Re: Knowledge Management (longish)

Subject: Re: Knowledge Management (longish)
From: "Jim Morgan" <Jim -dot- Morgan -at- portalplayer -dot- com>
To: "TECHWR-L" <techwr-l -at- lists -dot- raycomm -dot- com>
Date: Fri, 15 Mar 2002 14:09:52 -0800

Having taken a couple of (essentially free) seminars on knowledge
management and created a KM site for a previous employer, I think some
inaccurate assumptions have been made about KM.

First, my informal definition: KM is intended to convert
data--information lying around in any number of sources--into knowledge,
meaning information that is in context and easily retrievable.
Data-mining is a closely related tool, though more widely used for
tangible information.

1) KM is directed at intangible but useful information that does not get
captured in normal documentation. I liken this information to the e-mail
sent out to a limited number of people: others probably would like the
information, too, but there's no way for them (or the original
recipients days later) to easily retrieve it. Another example is those
hallway conversations where someone say, "Hey, I just came up with a
neat way to do X..." and only the other person gets this potentially
moneysaving trick.

It may be valid to say this SHOULD get documented, but it doesn't, and a
good KM system makes it easy for people to do so. Note that these bits
of info can be as small as a single sentence, and thus hard to document
outside of other related but nonsequential bits.

2) KM provides quantifiable results. As just one example, a major oil
company--I don't have my notes here, or I'd give you the name--saved
millions of dollars by setting up a system that helped oil field
managers share best practices easily in a contextual database. If you've
ever sought help from a software tips site, you've benefited from KM,
whether or not the site owner realized it!

3) KM is not the latest buzzword. Frankly I don't care what you call it,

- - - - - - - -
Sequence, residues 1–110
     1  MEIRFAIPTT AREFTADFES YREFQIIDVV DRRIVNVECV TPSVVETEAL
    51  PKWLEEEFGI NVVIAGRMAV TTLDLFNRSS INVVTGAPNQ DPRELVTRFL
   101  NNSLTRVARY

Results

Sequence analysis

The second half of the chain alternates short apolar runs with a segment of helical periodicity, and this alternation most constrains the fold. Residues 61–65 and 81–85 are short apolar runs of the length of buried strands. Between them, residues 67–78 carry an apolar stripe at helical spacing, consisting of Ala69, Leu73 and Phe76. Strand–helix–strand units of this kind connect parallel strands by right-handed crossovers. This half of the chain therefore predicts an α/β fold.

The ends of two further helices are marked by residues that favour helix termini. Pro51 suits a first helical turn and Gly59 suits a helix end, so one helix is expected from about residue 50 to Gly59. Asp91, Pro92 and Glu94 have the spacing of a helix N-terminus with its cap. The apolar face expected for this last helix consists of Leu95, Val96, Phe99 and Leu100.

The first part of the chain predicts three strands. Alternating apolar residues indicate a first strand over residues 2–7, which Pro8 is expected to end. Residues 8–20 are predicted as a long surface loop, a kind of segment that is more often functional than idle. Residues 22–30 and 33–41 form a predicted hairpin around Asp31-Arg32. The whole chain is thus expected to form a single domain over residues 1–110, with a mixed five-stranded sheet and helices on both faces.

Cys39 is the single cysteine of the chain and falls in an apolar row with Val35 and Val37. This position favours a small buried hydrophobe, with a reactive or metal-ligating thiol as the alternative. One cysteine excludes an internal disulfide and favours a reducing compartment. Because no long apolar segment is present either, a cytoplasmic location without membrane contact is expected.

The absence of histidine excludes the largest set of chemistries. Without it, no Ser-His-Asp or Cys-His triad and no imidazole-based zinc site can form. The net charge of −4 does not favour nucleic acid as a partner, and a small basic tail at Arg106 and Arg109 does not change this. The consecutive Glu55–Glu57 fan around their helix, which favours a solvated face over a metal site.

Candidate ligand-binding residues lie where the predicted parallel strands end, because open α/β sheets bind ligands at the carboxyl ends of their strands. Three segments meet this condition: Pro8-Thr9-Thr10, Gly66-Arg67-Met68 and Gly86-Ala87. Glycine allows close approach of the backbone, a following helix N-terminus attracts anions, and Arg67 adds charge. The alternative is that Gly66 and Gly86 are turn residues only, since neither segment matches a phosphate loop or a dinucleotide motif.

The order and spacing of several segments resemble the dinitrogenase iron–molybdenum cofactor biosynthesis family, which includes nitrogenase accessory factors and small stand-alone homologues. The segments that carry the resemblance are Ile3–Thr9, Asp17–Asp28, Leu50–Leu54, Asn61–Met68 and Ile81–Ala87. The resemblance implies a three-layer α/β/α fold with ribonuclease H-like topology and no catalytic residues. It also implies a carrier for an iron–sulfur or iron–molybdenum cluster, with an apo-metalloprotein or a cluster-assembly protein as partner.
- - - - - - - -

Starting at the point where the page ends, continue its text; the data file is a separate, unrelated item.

but attempts to capture intangible information dates back decades. This
particular term goes back at least 10 years, and I took my first seminar
five years ago.

4) KM is not related to individual-specific layoffs, though it could
create efficiencies leading to broader layoffs. Without a new person in
place to use the knowledge, it does no one any good. Think for a moment
about all the things you know about your current job or project now that
you wish you had known when you started. Regardless, even if a company
was capturing intangible knowledge in order to fire you, it has a right
to anything you learned on the job, just like any other IP. It paid for
that knowledge. Beyond all that, the "hit by a bus" scenario is a valid

5) KM is not a proprietary term or system. No one explicitly said it
was, but I want to make clear that this is not a high-priced repackaging
of common sense. Some consultants make money by teaching basic English
to people who already had it in high school--that doesn't make either
the consultant or English unethical.

In short, KM can be misused for overpriced training or time-wasting just
like anything else. And it may be just the latest term for an older
concept. But let's not throw the baby out with the bath water. The
concept is a legitimate business concern that does not typically get
addressed otherwise.

Disclaimer: PortalPlayer is not engaged in any business related to KM.

Thank you,

Jim Morgan
Technical Communications Mgr.
PortalPlayer, Inc.

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